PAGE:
Originally posted on Fox Sports North  |  Last updated 2/13/12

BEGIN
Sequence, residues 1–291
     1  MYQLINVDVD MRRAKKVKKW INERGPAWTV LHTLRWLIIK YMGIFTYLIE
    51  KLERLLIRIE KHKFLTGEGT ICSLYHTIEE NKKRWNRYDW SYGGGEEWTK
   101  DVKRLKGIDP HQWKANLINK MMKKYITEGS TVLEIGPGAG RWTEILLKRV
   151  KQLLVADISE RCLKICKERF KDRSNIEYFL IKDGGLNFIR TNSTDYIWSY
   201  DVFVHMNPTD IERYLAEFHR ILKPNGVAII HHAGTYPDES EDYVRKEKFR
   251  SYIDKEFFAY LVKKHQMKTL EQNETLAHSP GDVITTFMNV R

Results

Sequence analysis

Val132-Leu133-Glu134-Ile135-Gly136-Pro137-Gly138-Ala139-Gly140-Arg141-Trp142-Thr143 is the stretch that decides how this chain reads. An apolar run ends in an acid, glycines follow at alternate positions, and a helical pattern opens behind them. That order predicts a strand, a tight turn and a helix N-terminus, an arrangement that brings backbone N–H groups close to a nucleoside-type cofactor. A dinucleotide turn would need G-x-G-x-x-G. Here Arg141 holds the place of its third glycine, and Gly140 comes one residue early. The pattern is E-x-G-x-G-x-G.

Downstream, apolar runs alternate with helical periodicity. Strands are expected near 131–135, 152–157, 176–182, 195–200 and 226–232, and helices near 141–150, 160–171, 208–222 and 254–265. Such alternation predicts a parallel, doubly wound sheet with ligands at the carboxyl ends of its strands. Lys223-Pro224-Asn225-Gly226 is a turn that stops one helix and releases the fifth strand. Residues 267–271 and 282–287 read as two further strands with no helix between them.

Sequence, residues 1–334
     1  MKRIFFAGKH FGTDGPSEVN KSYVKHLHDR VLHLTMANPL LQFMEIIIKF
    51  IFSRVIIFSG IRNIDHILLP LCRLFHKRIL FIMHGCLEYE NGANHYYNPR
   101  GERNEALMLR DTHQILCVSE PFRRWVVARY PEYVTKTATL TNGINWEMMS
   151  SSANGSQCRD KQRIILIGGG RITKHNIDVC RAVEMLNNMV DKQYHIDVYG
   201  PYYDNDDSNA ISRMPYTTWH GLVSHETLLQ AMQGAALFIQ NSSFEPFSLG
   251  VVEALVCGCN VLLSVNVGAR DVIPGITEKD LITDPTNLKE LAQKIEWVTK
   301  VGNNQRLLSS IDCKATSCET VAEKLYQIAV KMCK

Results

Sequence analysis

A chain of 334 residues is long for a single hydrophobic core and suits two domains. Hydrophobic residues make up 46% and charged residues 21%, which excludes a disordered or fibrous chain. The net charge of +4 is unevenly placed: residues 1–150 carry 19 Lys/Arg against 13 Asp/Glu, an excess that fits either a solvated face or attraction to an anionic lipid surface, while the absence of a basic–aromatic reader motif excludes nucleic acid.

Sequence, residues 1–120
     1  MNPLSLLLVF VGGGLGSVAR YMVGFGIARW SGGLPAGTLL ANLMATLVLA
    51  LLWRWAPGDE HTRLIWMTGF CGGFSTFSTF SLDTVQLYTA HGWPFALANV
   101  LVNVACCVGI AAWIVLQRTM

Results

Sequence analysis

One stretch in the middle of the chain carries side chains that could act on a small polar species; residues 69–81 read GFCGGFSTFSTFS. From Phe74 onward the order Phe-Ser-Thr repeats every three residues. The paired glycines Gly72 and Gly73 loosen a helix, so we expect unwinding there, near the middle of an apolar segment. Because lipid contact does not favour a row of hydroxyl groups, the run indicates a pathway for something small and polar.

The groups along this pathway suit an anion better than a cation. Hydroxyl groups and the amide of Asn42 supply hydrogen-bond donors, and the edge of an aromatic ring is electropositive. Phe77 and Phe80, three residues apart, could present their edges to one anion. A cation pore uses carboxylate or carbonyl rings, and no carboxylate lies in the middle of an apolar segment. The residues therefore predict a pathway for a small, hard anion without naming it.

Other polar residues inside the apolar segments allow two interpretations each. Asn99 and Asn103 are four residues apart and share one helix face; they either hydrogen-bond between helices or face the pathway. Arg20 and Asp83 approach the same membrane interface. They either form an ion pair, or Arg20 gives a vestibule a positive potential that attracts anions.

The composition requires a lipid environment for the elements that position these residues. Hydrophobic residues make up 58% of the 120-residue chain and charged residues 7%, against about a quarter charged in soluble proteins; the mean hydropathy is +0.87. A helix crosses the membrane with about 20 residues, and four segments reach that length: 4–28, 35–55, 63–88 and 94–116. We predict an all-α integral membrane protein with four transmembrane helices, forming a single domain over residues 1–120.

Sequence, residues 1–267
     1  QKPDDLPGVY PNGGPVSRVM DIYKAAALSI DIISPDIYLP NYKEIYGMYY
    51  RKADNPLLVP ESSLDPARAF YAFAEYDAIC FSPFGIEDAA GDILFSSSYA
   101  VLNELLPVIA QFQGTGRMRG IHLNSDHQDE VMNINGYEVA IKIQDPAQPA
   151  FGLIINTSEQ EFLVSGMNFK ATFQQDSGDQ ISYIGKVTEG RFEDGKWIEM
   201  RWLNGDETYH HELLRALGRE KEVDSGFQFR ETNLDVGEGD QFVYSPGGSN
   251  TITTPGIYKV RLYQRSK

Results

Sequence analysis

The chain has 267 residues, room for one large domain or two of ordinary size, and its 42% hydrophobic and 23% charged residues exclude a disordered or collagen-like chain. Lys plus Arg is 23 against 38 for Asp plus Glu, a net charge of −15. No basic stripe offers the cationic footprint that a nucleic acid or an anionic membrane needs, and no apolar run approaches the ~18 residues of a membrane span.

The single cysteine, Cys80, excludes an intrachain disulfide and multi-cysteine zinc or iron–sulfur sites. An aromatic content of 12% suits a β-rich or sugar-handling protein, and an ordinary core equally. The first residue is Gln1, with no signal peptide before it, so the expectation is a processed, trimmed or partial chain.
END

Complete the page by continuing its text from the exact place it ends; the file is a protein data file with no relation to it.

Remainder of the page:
There might not have been a worse time for the Timberwolves to try to snap out of their offensive lull than Monday night. Minnesota fell to the Magic, 102-89, their seventh loss in a row to Orlando, the latest in a losing streak that dates back to April 11, 2008. Since defeating the Magic 102-101 that day, the Timberwolves have been shut down by the Magic consistently, and they lost by 42 the last time they played in Orlando. With a young team, one that's had more success in the past month and a half than it had in all of last season, the Timberwolves had reason to believe that Monday night could be different. But coming off a three-game losing skid, its offense stagnating, the Timberwolves were powerless against the Magic's scoring. "We just kept on being aggressive on the offensive end and got some stops on the defensive end," Magic guard Jason Richardson said. "And we were finding each other, getting open shots." The Timberwolves, on the other hand, extended their scoring struggles. In the past five games, the team is averaging just 90 points, down from the 102.9 it averaged in the seven games before the steak. Its field goal percentage and 3-point percentage are also down, but not markedly, and turnovers have been the main culprit behind the team's offensive woes. After struggling with turnovers early, the team seemed to have turned things around, but in its past five games, it has averaged 20.2 turnovers. That alone, without any shooting problems, is enough to make wins hard to come by. "I think turnovers for our own game is certainly a real item," Adelman said before the game. "It's going to be hard to beat a team of this quality if we do that again." That prediction, at least, was spot-on. On 18 turnovers, the Timberwolves gave up 17 points. The Magic turned the ball over just nine times, for six points. So though Adelman, and probably Magic coach Stan Van Gundy as well, anticipated that turnovers could be a problem for the Timberwolves, Dwight Howard's offensive production was far from what the coaches might have predicted. Much was made of the matchup between Howard and Kevin Love, the top two rebounders in the league. Love finished with 19 points and 15 rebounds, in keeping with his typical numbers. Howard, though, got into early foul trouble and had just 11 points and seven rebounds, making Monday the second-worst offensive night of his season. The Timberwolves were unable to capitalize on Howard's downturn, though they can't shoulder all of the blame for that. The Magic had six players in double digits, including all five starters. Compare that to the Timberwolves, who had two starters with six or fewer points, and it's not difficult to see where the Magic had an edge. With the loss, the Timberwolves are now in the midst of their longest losing streak of the season, which rests at four games. They haven't won since they defeated Sacramento on Feb. 7, and they haven't scored 100 or more points since Feb. 4. It's not time to panic, but for a young team that's been known to get caught up in the emotion of both winning and losing, it's an opportunity to re-examine and strengthen its focus. "If you get into it, and you don't stay together, you don't trust each other, you get on those rolls and go the other way," Adelman said. "We don't want that to happen. So everybody in the locker room, from the coaches to the players, have to make up their mind they're not going to let it happen." Adelman's decades in the league give him a good perspective on the streak. It's not deadly. The team isn't doomed. But at the same time, the season is marching on -- "They're not going to stop the season because we've lost four in a row," the coach quipped -- and the players can't dwell on the slump. Instead, they need more than anything to get back to the fundamentals. When the Timberwolves failed over and over to reach .500, Love suggested that he and his teammates needed to simply put that goal out of their minds. They'd be smart to adopt a similar approach now, to simply forget about the losing streak and play each game without the context of the rest of the season or the urgency of a losing streak getting them down. "We keep talking to them about not giving in," Adelman said. "You can't give in. You can't let something keep going." So yes, the timing was bad. Facing a team that had already defeated them six times in a row was not where the Timberwolves would have hoped to find themselves on Monday night. But the schedule is an arbitrary thing, and just as often as it's an enemy, it can also work to a team's advantage. On Wednesday night, the Timberwolves return home to face the league-worst Charlotte Bobcats, who have won only three games. There's no such thing as a sure win, but the Timberwolves couldn't find themselves in a better position to reverse their fate. Follow Joan Niesen on Twitter.
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